The Coordianted Decentralized Paratransit Sysyem: Design, Formulation, and Heuristic

dc.contributorQuadrifoglio, Luca
dc.creatorShen, Chung-Wei
dc.description.abstractThis dissertation investigates the different organizational structures of paratransit services that cover large regions. A paratransit service is demand-responsive, shared-ride transit service using vans or small buses. It is characterized by the use of vehicles that do not operate on a fixed route or a fixed schedule. The paratransit route and schedule are arranged from a user-specified origin to a user-specified destination, and at a user-specified time. To retain productivity by focusing on shorter trips within a denser area, some larger systems have outsourced operations to more than one contractor, with each contractor responsible for the service zone to which their vehicles have been assigned. This service design is called a "zonal structure" or a "zoning approach." The zoning with transfer system coordinates vehicles' schedules at various transfer locations. The schedule coordination of inter-zonal mechanisms of transportation likely reduces trip costs by increasing the ridesharing rate and lowering the number of empty return miles. This study first presents the exact formulation for a coordinated decentralized paratransit system in order to compare its productivity and service quality with independent decentralized and centralized strategies. The formulation is then proven to work correctly, and the results of the computational experiments of small scale instances are shown to demonstrate that the proposed coordinated system is superior to independent decentralized systems in terms of passenger miles per vehicle revenue mile. In the second section, this study develops an insertion-based heuristic method in order to compare the performances of different operational designs when applied to a large-scale system. In an experiment utilizing Houston's demand-responsive service data, we compare the productivity and service levels among three organizational structures: zoning with transfer, zoning without transfer, and no-zoning designs. The results indicate that zoning with transfer can provide significant benefits to paratransit operations that manage zoning structure; however, the no-zoning strategy used by Houston METRO (a relatively low-density region) performs better on average in terms of efficiency. This study concludes that the zoning with transfer method can be proven to be a productive organizational structure.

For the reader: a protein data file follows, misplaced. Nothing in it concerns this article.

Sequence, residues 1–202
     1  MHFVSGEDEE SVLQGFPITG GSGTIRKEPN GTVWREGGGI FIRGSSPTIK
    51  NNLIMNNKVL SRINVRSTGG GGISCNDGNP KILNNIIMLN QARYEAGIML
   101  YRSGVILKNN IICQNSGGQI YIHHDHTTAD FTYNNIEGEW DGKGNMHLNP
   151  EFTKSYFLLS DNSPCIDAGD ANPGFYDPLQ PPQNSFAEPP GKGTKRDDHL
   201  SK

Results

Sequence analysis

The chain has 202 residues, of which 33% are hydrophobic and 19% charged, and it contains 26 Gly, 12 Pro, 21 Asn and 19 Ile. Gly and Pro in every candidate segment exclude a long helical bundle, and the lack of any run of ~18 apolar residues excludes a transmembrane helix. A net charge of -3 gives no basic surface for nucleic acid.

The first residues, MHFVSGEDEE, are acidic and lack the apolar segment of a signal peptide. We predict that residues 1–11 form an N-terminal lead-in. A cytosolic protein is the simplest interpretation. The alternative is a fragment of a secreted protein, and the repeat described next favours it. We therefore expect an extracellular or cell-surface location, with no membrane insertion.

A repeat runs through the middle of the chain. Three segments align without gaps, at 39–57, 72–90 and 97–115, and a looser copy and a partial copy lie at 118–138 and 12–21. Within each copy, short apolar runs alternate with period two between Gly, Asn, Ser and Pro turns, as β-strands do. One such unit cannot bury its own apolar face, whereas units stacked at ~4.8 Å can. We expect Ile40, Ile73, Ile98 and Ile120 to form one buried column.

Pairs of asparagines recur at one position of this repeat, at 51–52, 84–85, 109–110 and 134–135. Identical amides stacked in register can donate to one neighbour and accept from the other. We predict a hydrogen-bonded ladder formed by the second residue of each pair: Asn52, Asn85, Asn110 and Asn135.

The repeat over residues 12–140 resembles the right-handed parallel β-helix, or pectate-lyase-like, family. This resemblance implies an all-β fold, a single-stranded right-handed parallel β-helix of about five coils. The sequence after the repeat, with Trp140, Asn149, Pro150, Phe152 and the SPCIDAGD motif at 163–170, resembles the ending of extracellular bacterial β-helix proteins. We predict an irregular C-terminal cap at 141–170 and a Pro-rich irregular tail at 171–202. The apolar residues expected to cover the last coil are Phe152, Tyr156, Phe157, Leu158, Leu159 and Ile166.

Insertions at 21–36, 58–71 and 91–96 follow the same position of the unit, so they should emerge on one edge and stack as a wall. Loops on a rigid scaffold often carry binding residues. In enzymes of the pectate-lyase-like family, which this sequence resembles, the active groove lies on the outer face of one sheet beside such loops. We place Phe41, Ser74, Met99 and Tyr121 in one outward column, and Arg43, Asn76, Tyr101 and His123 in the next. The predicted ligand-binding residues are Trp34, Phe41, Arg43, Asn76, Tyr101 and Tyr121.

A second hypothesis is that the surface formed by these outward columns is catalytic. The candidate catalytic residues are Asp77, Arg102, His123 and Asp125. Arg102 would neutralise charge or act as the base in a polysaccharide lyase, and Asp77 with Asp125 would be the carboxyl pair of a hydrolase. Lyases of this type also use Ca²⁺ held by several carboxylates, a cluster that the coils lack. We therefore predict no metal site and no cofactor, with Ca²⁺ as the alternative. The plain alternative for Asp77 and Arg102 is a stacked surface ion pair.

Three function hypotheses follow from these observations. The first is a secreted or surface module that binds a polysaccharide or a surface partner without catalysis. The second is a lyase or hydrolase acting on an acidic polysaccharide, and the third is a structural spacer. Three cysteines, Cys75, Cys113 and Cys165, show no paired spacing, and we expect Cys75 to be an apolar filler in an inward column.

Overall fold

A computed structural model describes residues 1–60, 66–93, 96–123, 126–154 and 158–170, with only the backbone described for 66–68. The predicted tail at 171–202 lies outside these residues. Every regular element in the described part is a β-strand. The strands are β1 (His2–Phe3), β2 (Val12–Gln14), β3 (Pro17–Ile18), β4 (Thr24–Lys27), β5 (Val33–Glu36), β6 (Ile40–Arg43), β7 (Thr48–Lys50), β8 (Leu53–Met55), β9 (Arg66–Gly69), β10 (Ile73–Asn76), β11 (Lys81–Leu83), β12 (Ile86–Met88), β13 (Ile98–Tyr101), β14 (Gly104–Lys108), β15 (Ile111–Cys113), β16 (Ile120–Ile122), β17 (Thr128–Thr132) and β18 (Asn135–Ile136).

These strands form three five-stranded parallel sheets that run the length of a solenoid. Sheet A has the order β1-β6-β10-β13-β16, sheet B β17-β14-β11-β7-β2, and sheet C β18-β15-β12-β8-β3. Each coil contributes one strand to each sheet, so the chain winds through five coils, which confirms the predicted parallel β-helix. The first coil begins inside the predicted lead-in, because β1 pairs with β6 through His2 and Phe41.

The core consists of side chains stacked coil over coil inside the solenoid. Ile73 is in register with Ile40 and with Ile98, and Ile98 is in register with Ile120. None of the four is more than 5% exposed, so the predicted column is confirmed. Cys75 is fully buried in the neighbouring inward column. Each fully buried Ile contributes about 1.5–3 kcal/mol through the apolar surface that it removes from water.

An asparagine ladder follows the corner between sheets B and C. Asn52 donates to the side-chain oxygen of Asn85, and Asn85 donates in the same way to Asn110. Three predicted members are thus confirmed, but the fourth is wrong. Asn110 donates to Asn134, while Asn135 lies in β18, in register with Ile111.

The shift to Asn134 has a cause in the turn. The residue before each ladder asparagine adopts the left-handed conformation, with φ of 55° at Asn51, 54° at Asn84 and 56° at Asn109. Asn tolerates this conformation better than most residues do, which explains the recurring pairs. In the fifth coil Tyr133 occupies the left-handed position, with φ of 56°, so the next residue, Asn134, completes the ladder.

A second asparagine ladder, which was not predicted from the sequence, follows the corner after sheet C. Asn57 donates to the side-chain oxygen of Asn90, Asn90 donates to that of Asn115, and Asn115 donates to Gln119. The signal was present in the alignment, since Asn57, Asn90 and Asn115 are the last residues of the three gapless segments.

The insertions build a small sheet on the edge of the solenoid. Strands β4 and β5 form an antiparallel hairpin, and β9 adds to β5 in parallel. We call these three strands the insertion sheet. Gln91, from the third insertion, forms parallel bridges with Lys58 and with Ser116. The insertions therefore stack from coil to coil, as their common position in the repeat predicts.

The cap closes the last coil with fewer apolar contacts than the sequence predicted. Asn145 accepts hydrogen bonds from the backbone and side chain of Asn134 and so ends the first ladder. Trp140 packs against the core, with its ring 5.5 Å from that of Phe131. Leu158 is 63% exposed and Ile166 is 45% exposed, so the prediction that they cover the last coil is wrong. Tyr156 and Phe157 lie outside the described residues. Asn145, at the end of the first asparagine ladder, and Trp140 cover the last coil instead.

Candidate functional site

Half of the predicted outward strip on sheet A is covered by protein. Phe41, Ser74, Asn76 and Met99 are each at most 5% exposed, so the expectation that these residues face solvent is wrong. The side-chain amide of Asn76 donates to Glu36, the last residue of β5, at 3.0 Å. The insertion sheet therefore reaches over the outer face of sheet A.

dc.titleThe Coordianted Decentralized Paratransit Sysyem: Design, Formulation, and Heuristic